(CNN) -- A man who evaded the law for 34 years was sentenced to 36 to 40 years in prison Thursday for raping three women in Massachusetts in 1978.
Gary Irving, 52, learned his fate in Norfolk Superior Court, the same court that convicted him more than three decades ago.
Norfolk District Attorney Michael W. Morrissey expressed remorse to the women Irving raped and apologized for the long wait for justice.
"I am sorry that so much strength and perseverance was asked of you. That the courage and resolve you showed testifying in 1979 resulted in decades of continuing injustice. Today does not erase that injustice, but does end it," he said after Irving's sentencing.
Irving will serve two consecutive 18- to 20-year sentences with a 7- to 10-year concurrent sentence on kidnapping charges. He will also serve 20 years' probation for all other charges, said Norfolk district attorney's office spokesman David Traub in an e-mail to CNN.
"We felt that the calculated brutality of these crimes, the repeated nature of these attacks, warranted a very long prison term. We are pleased that the court has now ordered a long prison term," Morrissey said in a statement.
In 1979, Irving was convicted of three counts of rape with force, unnatural acts and kidnapping, Massachusetts State Police said. In one incident, Irving knocked the victim off her bike and took her to a secluded area, where he repeatedly raped her. During another attack, Irving threatened a victim with a knife if she did not comply with his sexual demands.
A 12-member jury found him guilty on all counts. The judge -- new to the job -- offered him a weekend to put his affairs in order before reporting to jail. Irving never returned.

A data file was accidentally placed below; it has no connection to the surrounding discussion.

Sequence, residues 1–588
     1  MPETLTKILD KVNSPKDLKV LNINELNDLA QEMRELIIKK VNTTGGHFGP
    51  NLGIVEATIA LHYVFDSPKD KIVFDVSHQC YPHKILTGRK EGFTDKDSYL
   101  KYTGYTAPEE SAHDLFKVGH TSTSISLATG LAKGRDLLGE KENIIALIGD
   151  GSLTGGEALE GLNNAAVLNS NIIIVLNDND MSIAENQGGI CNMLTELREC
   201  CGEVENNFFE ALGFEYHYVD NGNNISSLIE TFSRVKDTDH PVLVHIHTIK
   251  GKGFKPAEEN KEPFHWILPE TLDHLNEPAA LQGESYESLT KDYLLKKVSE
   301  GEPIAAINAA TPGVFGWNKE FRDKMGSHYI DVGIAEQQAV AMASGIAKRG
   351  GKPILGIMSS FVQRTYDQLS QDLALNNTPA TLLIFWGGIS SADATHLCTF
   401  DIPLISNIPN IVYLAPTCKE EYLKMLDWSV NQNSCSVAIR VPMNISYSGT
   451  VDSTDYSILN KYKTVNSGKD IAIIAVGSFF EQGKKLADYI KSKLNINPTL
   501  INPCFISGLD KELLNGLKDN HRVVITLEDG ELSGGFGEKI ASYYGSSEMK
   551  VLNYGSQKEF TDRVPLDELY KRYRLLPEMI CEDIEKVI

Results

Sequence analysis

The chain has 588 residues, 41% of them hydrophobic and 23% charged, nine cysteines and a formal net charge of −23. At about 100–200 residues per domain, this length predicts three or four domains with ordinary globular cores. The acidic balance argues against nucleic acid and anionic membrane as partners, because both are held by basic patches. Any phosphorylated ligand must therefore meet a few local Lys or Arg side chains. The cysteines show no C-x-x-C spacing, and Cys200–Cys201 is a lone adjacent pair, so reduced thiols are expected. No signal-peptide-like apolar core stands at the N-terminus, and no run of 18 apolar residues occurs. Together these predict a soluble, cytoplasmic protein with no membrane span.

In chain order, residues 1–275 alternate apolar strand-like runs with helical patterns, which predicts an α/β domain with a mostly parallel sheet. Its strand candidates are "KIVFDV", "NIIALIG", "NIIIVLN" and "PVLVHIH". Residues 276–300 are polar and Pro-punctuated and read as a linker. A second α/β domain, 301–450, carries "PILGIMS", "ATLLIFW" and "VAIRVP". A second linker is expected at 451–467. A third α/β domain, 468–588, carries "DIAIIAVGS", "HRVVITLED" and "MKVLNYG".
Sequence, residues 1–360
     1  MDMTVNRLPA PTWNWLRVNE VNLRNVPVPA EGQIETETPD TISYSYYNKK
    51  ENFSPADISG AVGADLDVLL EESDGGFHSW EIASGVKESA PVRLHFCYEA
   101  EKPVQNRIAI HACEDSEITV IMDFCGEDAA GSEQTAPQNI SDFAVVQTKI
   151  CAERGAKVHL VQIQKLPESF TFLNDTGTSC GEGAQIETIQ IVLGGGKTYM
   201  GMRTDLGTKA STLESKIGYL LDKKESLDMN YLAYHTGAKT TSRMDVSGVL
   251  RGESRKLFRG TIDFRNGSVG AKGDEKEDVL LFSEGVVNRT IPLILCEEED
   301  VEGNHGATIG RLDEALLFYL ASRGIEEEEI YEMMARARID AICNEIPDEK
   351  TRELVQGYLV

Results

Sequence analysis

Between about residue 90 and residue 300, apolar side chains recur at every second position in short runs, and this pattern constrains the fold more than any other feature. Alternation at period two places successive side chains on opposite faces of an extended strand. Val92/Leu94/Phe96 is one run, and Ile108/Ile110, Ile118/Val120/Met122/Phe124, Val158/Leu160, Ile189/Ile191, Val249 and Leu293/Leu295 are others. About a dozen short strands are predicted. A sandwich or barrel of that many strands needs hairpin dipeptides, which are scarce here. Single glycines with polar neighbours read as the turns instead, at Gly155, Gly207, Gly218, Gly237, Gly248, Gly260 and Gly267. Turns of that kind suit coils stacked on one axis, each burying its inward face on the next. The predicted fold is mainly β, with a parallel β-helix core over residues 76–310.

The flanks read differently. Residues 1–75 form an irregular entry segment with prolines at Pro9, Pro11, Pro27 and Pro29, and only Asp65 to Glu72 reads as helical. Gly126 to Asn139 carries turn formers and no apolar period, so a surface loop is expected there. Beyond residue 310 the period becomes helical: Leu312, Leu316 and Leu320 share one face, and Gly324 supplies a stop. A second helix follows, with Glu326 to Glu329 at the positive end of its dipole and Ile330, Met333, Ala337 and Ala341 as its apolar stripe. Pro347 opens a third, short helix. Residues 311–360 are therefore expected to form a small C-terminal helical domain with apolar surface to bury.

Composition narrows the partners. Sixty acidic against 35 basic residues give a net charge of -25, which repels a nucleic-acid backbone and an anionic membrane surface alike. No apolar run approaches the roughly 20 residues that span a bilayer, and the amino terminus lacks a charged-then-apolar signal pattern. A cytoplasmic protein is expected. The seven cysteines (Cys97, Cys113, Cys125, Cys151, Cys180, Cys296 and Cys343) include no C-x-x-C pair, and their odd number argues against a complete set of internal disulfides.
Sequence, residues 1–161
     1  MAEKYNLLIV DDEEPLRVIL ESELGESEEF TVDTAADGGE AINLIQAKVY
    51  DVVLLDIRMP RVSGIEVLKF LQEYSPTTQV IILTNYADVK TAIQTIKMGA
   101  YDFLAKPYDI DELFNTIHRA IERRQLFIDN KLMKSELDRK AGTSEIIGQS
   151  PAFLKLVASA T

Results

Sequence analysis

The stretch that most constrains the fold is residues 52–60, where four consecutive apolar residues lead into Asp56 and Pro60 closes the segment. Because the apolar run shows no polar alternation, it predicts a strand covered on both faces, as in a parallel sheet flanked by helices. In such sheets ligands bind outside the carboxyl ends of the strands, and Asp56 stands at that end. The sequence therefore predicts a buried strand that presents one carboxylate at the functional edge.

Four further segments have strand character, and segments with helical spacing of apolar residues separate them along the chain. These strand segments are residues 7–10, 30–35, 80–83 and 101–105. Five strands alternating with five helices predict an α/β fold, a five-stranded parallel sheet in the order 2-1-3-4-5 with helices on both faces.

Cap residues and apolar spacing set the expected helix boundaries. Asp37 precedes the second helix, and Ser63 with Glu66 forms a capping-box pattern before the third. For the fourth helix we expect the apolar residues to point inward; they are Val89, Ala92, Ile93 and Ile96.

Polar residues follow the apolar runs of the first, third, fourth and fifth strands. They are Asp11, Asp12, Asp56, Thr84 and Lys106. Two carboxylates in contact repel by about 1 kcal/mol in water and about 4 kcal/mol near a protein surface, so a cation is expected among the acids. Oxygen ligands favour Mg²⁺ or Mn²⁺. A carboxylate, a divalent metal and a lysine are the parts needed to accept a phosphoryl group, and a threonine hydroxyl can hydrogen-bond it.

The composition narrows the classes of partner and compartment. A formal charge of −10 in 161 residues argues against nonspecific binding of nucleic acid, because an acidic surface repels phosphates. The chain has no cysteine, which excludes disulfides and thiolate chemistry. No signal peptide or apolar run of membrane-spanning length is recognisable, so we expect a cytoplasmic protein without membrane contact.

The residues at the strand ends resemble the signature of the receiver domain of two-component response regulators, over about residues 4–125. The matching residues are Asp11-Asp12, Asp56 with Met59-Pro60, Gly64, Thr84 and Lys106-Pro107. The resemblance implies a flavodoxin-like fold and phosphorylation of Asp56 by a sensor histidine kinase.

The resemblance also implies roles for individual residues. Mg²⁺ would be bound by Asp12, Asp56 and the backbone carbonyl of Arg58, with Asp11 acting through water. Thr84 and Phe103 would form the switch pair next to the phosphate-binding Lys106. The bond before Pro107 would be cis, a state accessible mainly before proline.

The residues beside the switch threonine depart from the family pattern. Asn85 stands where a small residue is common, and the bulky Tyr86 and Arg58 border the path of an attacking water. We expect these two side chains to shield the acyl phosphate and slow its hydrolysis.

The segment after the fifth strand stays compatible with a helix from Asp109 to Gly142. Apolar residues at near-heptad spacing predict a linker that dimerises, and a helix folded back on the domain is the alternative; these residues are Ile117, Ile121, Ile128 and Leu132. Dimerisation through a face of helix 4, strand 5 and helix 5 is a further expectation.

Instead, he fled Massachusetts and landed on the state's Most Wanted list, where he remained for 34 years.
After he fled, Irving's profile was featured on the TV shows "America's Most Wanted," "Unsolved Mysteries" and "Real Stories of the Highway Patrol," according to the Most Wanted poster.
Police found Irving at his Gorham, Maine, home in March, where he had been living under the name Gregg Irving, the name of his younger brother, said Massachusetts State Police spokesman Dave Procopio in a statement.
Police would not divulge what led authorities to Irving. Records show he had lived there since 2002 and perhaps since the mid-1980s, police said.
Confirmation of his identity was made via a scar on his chest from heart surgery he underwent as a child and a fingerprint match, police said.
CNN's requests for comment from Irving's attorneys were not immediately returned.
CNN's Tom Watkins, Rande Iaboni and Morgan Winsor contributed to this report.